How the Umbraco Community is Helping with Public Speaking & Social Anxiety

After some rather scathing feedback from a community peer, and as a person who struggles with public speaking and social anxiety, I have been working hard to get involved with the Umbraco community to try and conquer my fears.

People who have met me would probably describe me as a confident person with a big personality. They would most likely say I am somebody who is always looking to be involved with social situations and someone who is keen to talk to others.

But I would say this is not quite accurate.

Embracing the fun and antics of codegarden17

I have learnt to put up a facade or persona in group and social situations. This persona comes across as confident, using humour to draw laughs to fit in and feel involved with other people. I use it to cover my insecurities when I am in a group, usually if there is a fear of being "out of my depth" when contributing to conversations, but most commonly when I feel there is a risk of feeling excluded.

I don't think I struggle with introversion. I do share some traits with being introverted: a love for structure/organisation, a tendency to overthink things, a preference of deeper conversation over small talk, and a hatred of talking on the phone. In general, though, I do prefer to be included and involved in social situations.

For me, social interaction has always been really hard work and often tiring. I am constantly anxious during group conversations and, in particular, when it comes to public speaking.

Some Home Truths

Cast your mind back to June 2014. I was attending my first ever Codegarden event in Copenhagen with a colleague who I had only really known for a few weeks.

At this point I was using Umbraco regularly and I had joined my local Bristol meetup, umBristol, some time prior to the event. The year before was my first UK Festival and an insight into the wider community, but Codegarden was my first real experience of the international following.

Most of my time at Codegarden was spent in solitude and not getting involved in much conversation or socialising. I stuck closely to my colleague and the few people I already knew, but I missed out on the late-night fun and antics that is common with Codegarden partying.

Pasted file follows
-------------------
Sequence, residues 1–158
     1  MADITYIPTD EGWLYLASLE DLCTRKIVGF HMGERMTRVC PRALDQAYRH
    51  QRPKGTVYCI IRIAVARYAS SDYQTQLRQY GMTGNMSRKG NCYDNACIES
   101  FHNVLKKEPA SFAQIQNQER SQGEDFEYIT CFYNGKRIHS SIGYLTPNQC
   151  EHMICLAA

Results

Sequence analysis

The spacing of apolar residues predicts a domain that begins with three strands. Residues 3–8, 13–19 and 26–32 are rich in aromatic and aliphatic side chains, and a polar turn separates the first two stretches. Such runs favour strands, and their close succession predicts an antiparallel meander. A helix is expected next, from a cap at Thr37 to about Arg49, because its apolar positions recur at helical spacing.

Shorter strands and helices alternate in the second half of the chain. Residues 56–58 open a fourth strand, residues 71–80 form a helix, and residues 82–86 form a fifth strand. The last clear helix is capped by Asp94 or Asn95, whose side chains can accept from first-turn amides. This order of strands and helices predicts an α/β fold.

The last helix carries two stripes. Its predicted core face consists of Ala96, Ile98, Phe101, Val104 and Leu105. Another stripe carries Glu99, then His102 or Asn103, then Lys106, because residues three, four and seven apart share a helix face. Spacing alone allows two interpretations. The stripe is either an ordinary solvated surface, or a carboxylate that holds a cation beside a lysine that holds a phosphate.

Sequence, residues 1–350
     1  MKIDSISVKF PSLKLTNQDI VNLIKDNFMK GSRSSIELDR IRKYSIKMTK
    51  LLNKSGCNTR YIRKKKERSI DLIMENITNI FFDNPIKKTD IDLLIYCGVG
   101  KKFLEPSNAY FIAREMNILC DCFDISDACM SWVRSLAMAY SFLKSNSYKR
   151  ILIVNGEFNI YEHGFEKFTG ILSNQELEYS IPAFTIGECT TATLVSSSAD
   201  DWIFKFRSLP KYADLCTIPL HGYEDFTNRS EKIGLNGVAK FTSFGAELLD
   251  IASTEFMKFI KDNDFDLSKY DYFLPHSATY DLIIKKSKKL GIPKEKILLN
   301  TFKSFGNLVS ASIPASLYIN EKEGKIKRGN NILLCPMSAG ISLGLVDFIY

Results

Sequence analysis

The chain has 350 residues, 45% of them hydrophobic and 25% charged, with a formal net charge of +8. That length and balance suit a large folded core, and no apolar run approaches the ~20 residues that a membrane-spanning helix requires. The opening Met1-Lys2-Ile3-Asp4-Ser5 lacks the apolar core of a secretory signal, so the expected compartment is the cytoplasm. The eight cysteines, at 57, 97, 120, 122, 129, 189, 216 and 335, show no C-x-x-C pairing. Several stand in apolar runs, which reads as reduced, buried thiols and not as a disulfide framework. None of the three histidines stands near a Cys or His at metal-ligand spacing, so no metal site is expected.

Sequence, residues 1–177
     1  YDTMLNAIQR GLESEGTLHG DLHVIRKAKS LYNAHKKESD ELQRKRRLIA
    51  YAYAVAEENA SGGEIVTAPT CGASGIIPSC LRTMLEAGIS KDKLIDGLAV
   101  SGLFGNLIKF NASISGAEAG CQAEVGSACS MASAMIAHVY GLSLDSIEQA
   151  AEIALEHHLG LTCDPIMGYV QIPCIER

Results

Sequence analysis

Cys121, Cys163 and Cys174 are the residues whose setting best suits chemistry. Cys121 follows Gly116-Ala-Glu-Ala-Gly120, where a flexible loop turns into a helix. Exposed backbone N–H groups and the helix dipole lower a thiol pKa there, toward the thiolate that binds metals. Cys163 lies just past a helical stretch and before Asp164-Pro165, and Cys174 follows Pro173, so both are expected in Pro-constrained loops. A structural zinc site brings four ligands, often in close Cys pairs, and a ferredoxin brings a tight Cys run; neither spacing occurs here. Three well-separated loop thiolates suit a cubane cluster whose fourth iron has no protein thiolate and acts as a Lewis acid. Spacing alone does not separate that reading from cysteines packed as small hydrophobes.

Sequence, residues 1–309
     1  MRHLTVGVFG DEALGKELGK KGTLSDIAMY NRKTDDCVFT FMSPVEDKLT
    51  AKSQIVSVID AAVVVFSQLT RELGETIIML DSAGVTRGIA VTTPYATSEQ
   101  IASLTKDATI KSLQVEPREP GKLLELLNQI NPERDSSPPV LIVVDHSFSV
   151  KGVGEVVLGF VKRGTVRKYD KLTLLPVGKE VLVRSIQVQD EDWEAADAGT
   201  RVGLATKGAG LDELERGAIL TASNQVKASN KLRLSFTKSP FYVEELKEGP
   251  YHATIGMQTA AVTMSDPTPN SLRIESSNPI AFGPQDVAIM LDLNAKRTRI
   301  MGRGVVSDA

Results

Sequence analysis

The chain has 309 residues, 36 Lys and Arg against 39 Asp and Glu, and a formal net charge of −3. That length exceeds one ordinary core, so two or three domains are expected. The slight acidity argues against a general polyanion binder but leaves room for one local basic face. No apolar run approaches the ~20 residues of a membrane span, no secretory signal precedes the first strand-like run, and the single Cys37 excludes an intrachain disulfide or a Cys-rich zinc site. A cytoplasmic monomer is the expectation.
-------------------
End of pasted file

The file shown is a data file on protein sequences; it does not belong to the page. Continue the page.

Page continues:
During a break on the second day, I plucked up the courage to approach one of the speakers who I had seen at the UK Festival. I complimented him on his presentation and his captive speaking style at the London event. I happened to mention that I was interested in speaking at Codegarden and that I had hoped to submit a talk suggestion for the next year.

Taking one look at my lanyard and back at me, he delivered a shocking blow for my confidence:

Why would they pick you? I don’t know who you are. I haven’t read any of your blog posts. What do you do in the community?

It felt brutal. Having plucked up enough courage to speak to someone I looked up to with an idea to follow in their footsteps of presenting to the community, I was knocked down, seriously questioning my being at the event and my opinion of the community of the "Friendly CMS". Never meet your icons or heroes.

Or so I thought...

Getting Involved with the Umbraco Community

Over the next few days, and certainly whilst at the event, I slowly came to the realisation that he was right. I wasn’t contributing in any way other than developing with Umbraco and having an idea for a possible future presentation. Nobody would know who I was or what I do, so why would the likely even care?

Having met a few other umBristol members during Codegarden, and armed with the critical feedback from the event, I decided to push myself to attend our local meetup regularly, with an aim to become more connected and involved with the local Umbraco community.

I had already helped with hosting some of the talks and presentations, but I would start to attend many more talks and socials, in the hope to become more comfortable and recognisable with the regular attendees and organisers.

umBristol’s first set of talks immediately after Codegarden were held in a small conference room in a local YHA, casually sat around a meeting table. The first session was a few other attendees discussing the event and what was new for Umbraco for those who did not attend. I managed to contribute my thoughts and opinions, actively taking part in discussions about some of the new improvements coming to Umbraco.